Researchers at the RIKEN Center for Sustainable Resource Science (CSRS) in Japan, together with collaborators at Universiti Sains Malaysia (USM) have successfully decoded the genome of Hevea brasiliensis, the natural rubber tree native to Brazil. The study, published in Scientific Reports, provides a draft genome sequence that covers more than 93% of expressed genes, and identifies regions specific to the biosynthesis of rubber.
The team led by Minami Matsui at the RIKEN CSRS and Alexander Chong set out to sequence and analyze the H. brasiliensis genome, and find genetic information explaining why some strains of rubber tree yield more amounts of rubber than others. The team looked for genes related to rubber itself and for resisting disease — two factors that affect rubber production. They found that the two most abundant proteins that make up rubber — Rubber Elongation Factor and Small Rubber Particle — are encoded on a large number of genes that are clustered together in a small region of the genome. While other tropical plants also express these proteins to some extent, being encoded more than eight times on different genes is unique to H. brasiliensis.
The team also found that compared to other members of the Euphobiaceae family, the rubber tree has more genes related to disease resistance, and that these genes also formed clusters within the genome. Matsui thinks that the high latex production found in the rubber tree may be caused by a coordinated expression of these genes combined with increased gene number due to gene duplication.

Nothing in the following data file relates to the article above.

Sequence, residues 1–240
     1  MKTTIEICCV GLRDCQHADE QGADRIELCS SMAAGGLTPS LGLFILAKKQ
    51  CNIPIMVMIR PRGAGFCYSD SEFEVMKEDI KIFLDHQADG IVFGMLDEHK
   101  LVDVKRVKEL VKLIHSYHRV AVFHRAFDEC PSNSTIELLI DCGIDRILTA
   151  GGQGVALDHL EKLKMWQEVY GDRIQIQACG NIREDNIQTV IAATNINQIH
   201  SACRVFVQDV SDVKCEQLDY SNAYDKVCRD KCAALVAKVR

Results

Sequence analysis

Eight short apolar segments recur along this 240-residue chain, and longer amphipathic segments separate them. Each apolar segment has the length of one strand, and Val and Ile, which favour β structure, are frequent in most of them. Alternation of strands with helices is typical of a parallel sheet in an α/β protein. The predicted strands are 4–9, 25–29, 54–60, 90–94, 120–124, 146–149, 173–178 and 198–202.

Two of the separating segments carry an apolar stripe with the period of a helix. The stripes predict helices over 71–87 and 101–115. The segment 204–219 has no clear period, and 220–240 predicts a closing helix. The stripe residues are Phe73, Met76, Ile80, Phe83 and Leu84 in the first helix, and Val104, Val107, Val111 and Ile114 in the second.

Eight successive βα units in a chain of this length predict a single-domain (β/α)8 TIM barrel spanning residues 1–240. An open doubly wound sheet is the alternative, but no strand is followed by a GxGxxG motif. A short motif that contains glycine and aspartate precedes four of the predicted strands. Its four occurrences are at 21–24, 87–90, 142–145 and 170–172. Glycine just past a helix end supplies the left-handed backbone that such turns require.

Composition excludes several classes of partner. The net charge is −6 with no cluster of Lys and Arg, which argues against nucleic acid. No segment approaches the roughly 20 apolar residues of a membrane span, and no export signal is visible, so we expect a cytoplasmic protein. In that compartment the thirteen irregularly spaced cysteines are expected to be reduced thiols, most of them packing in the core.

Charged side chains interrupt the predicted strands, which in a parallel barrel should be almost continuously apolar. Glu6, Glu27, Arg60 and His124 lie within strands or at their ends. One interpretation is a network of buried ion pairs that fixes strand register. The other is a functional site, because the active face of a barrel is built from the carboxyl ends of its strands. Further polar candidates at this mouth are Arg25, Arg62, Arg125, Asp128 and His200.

For more information, read the news release at the RIKEN website.
ISAAA releases Biotech Booklet No. 5, "Beyond Promises: Top 10 Facts about Biotech/GM Crops in Their First 20 Years, 1996 to 2015," a visual presentation of the 10 important highlights about biotech crops from 1996 to 2015, taken from the 20th Anniversary of the Global Commercialization of Biotech Crops (1996 to 2015) and Biotech Crop HIghlights in 2015, authored by Clive James, Founder and Emeritus Chair of ISAAA.
The booklet and other information materials from Brief 51 are available for download at the ISAAA website.
The latest ISAAA report, 20th Anniversary (1996 to 2015) of the Global Commercialization of Biotech Crops and Biotech Crop Highlights in 2015 (ISAAA Brief 51), has reached an estimated 4.27 billion individuals all over the world who have been informed about the report through news reports and social media posts. This is the highest media impressions recorded for any ISAAA Brief for the time period of two months since the launch.
Read more at the ISAAA blog.